(or supply) of the two goods can be expressed as follows:
c = C ( k , Pk)L
I = I ( k , P,)L,
k =K / L
is the capital-labour ratio. An increase in the price of capital will raise
the output of the capital goods industry and lower the output of the
consumption goods sector. Thus aC/aP, < 0 and aI/aP, > 0. By
Rybczynskis theorem (Kemp [ 6 ] ) , an increase in k will result in the
expansion of the industry in which capital is used more intensively and
in the contraction of the other industry. Following the rest of the
literature, we shall assume that the consumption sector is more capital
intensive than the investment sector. Under this capital intensity condition, Ck > 0 and I k < o.2
In a closed economy, the output of the investment sector will
simply augment capital stock and hence increase productive capacity.
If, however, we allow international trade, consumption demand need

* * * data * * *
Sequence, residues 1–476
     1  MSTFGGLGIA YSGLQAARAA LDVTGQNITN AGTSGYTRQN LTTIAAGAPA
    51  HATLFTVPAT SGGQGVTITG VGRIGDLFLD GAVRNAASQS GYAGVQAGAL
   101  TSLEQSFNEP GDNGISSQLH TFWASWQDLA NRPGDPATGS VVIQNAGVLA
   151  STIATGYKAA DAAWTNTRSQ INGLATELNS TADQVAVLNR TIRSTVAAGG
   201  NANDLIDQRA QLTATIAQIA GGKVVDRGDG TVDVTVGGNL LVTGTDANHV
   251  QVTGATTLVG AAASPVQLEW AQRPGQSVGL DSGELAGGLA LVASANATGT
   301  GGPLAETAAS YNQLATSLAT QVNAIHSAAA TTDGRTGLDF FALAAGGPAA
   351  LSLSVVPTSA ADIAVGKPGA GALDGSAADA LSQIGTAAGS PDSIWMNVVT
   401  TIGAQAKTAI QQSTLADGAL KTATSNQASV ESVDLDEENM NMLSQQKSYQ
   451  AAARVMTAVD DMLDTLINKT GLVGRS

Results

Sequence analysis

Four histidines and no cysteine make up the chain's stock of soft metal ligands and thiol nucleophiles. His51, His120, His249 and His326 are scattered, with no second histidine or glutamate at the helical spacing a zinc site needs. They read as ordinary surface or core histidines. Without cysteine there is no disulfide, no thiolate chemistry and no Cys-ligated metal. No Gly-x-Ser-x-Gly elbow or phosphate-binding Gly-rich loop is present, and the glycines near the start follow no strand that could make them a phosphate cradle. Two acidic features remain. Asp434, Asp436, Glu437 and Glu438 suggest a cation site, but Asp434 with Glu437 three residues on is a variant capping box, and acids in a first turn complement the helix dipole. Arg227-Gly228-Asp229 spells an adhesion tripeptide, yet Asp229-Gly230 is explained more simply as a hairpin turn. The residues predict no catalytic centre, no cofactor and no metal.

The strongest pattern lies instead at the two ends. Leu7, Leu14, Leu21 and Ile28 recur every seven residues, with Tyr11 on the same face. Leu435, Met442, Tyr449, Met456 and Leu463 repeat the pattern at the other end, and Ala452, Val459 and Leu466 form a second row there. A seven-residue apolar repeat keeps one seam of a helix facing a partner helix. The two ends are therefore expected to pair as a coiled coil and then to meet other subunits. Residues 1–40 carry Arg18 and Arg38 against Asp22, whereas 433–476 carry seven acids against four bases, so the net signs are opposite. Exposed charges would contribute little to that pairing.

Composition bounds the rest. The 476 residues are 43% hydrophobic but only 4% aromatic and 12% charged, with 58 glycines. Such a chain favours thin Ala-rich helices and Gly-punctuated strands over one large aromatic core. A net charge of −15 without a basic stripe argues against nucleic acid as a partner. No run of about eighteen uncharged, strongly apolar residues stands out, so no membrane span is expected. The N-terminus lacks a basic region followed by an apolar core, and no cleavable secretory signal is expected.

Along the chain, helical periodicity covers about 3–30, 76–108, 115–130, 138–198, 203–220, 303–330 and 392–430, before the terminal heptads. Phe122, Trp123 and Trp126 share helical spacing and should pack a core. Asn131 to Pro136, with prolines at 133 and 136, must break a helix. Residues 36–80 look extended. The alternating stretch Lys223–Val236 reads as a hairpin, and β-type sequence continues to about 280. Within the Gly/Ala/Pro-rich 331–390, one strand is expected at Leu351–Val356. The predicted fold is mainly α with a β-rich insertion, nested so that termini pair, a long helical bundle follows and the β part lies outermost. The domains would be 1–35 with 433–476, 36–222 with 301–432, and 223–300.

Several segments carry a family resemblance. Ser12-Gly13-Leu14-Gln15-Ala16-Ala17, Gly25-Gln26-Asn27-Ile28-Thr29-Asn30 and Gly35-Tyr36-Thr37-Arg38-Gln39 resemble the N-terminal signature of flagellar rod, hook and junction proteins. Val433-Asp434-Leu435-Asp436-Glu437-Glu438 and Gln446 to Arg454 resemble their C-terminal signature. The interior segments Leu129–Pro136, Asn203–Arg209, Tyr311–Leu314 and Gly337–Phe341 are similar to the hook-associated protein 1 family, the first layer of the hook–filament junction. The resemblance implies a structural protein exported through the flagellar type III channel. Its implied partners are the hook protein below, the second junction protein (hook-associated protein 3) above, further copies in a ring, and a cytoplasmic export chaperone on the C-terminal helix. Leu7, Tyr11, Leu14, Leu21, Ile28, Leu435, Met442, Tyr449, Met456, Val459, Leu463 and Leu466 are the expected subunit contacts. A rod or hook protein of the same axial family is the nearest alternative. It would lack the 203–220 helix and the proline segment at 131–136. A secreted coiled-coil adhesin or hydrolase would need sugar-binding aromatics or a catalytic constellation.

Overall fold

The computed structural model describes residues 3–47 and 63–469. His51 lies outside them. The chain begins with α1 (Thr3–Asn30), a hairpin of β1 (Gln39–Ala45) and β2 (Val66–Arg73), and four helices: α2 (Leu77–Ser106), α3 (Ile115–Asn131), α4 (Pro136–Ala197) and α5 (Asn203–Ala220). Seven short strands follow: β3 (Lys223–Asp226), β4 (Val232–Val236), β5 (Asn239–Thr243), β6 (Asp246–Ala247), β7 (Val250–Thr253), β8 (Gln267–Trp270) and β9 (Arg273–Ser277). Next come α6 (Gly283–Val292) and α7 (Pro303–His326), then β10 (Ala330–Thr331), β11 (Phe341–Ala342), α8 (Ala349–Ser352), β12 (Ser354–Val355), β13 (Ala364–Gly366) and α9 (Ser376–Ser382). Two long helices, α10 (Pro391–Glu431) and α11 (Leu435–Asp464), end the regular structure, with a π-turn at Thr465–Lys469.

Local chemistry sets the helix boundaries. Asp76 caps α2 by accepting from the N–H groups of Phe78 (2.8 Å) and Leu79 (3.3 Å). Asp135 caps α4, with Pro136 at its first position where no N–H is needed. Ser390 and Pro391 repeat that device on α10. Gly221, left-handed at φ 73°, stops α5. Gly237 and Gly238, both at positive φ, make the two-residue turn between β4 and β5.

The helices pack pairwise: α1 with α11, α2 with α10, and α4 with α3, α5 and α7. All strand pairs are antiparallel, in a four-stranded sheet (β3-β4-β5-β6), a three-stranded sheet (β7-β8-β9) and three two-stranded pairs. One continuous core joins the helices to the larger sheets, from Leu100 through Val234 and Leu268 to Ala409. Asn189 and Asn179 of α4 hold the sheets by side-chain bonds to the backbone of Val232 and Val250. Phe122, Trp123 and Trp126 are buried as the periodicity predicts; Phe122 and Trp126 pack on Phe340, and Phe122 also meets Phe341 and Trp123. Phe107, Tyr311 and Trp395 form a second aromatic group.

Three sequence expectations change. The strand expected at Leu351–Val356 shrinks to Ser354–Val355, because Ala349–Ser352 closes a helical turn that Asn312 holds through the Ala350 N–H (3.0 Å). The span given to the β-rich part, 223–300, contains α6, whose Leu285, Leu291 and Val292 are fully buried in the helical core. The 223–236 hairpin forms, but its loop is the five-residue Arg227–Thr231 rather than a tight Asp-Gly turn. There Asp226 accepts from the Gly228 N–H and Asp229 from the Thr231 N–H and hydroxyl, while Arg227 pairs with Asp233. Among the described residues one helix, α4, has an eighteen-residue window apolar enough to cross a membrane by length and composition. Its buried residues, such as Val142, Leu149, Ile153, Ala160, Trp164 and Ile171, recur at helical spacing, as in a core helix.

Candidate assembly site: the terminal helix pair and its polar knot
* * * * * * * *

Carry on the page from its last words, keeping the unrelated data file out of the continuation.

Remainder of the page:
not equal the output of the consumption goods industry and capital
might flow from or to the rest of the world. Let consumption demand be
D = (1 - s ) Y ~
where Y d is total disposable income. For the time being, we assume
that the saving rate (s) is fixed. This assumption will be relaxed later.
If Id is the investment demand, then the balance of payments
equilibrium is given by
C - D = ( I d - I)Pk.
Since trade is permitted, capital accumulation is given by the
following relation :

K P k = I PI, C - D - 6 K P k
where a dot above a variable denotes its time derivative and 6 is the
constant relative rate of depreciation. If there is an excess supply of

Partial derivatives are denoted by subscripts.




consumption goods, then the economy will export the surplus and import
investment goods, thus augmenting the domestic production of capital